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Old 01-18-2010, 05:30 PM   #1
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Ridge beam end to end connection..sagging?

How much should engineered lumber ridge beams be expected to "sag" at a connection? The total span is about 30 feet so call it two 15 foot 2X10's touching end to end. there doesnt seem to be anything fastening them together besides the weight of themselves pushing against each other.

The temporary (i presume) 2X4 to hold both ends up in the middle was left in place and it is bowing out about 2 inches. I'm guessing this is from a sag or settle of the ridge. the other picture is up close showing the 2 ends coming together, which sits on the 2X4.

Should there be concern about the 2X4 bowing? If i see that bowing i can't help but think there is tremendous weight on that 2X4... that 2X4 can't be structural i believe it was just there to support the ridge while the rafters were being put up..

how much "sag" is normal as a house settles? This construction is about 4 years old.. i admit i am not a pro when it comes to the framing and knowing how weight gets dispersed amongst the rafters..

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Ridge beam end to end connection..sagging?-roof1.jpg   Ridge beam end to end connection..sagging?-roof2.jpg  


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Old 01-18-2010, 05:57 PM   #2
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that lvl should have had a plywood gusset nailed on both sides(minimum) should be no sag as rafters and coolar ties and ceiling joists should create a rigid triangle. have you held a straight edge along bottom to see if it is bowing. the 2x could just be warped from the heat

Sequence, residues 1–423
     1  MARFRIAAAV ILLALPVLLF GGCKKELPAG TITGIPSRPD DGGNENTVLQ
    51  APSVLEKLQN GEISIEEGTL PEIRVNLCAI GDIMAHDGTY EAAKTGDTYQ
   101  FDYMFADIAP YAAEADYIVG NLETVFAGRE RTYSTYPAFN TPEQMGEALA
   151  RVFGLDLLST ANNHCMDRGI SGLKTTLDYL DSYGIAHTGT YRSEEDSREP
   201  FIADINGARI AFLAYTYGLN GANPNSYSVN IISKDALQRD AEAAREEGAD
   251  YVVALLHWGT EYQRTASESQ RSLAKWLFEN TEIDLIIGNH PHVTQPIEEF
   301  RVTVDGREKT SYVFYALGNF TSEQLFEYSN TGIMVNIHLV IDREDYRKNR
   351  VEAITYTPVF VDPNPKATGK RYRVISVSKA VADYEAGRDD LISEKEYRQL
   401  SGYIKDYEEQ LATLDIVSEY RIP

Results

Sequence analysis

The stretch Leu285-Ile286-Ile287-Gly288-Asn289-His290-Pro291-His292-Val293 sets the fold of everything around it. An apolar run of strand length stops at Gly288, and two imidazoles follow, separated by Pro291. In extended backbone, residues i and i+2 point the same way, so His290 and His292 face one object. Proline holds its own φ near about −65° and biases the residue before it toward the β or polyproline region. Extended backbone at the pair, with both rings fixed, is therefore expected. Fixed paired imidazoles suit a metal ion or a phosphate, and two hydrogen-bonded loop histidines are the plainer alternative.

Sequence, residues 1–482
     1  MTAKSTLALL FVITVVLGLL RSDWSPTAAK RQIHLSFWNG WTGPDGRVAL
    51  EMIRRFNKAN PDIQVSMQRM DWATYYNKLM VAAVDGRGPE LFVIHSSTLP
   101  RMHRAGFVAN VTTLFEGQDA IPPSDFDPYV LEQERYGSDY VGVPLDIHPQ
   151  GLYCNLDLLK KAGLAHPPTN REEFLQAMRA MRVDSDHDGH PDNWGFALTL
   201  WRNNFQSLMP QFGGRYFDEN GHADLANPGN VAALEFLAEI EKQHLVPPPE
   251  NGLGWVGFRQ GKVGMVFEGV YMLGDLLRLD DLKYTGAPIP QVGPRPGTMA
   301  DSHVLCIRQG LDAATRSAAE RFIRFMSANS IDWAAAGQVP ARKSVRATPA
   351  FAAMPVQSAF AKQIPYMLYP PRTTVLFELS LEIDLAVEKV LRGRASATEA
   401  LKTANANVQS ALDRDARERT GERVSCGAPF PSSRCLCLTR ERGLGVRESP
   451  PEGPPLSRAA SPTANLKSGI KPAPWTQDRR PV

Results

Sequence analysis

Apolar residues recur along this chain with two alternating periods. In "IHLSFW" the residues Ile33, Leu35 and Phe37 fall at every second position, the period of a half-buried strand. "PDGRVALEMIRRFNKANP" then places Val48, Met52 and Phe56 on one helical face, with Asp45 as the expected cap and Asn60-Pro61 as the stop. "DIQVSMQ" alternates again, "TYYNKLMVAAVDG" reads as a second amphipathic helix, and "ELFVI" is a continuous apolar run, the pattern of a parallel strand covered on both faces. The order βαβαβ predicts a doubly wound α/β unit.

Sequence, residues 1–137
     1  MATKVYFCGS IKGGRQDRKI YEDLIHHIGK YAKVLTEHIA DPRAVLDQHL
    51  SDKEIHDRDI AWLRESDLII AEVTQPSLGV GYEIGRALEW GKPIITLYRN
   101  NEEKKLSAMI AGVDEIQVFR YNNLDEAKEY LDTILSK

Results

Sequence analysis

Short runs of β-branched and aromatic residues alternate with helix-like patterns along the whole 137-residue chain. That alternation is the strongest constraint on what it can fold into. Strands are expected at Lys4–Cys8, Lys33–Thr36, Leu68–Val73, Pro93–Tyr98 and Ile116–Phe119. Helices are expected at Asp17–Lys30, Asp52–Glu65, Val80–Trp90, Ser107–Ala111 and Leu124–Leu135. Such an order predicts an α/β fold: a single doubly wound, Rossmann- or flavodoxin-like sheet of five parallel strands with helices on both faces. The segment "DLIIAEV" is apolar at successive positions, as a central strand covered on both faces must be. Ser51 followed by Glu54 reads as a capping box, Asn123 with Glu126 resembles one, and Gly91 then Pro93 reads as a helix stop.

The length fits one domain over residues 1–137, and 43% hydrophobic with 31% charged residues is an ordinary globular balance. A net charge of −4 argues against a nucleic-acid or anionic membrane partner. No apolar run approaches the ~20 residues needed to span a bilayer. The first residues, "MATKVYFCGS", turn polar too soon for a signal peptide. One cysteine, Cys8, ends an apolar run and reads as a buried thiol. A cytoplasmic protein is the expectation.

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Old 01-18-2010, 07:41 PM   #3
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Your LVL was used as a ridge board, not beam. It is not supporting the rafters, the walls and ceiling joists are. The 2x4 upright can be removed, it is non-structural. The engineered wood was used because it was as wide or wider, per code, for the rafters used. The connection between them may not be required because the roof sheathing is giving the roof system the shear flow, if properly nailed. If it makes you feel better, add some plywood gussets as mentioned. The ridge is material transferring forces down through to the walls with little pressure on the board itself.
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Old 01-18-2010, 08:23 PM   #4
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check the walls at the rafter ends to see if they are plumb.
is there any chance that the ceiling joists and walls are moving to the outside of their intended position?

as stated above, the ceiling joists act as a tension member which is supposed to stop the force from the roof rafters moving the walls outward. collar ties don't work to do that. if they are out of plumb even a little bit, have an on-site inspection done to confirm the stability of the structure. by a qualified structural engineer.
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Old 01-19-2010, 04:45 PM   #5
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I feel much more comfortable now knowing that the ridge beam does not carry the load per se. The joists do..

How would i check to see if walls are plumb? Go up on a ladder to the roof (2nd floor?) and hang a plumb bob down the outside? Or do i just put a level on the walls on the inside?

There is no signs of interior walls cracking or showing signs of distress in the sheetrock. (outside of the normal mouldings cracking from dry air in the winter).
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Old 01-20-2010, 11:31 AM   #6
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A lot of times the bowed 2x4 was used as an aide to installation of the rafters. What happens is all of the rafters are cut at the same time down on the ground to the same dimension. If, during installation, the framers notice the seat cuts are not fitting for whatever reason, they will cut a 2x4 1/2" longer than the height of the bottom of the LVL. They will put a massive bow in it and place it under the ridge. When the 2x4 attempts to straighten out, it extends, pushing the ridge upward with amazing force, enabling the next precut rafter to fit more snugly. Sometimes, all of the bow they put on this 2x4 doesn't get straightened out. Once the roof system is complete, the "jack" can be removed, and everything will stay in place.


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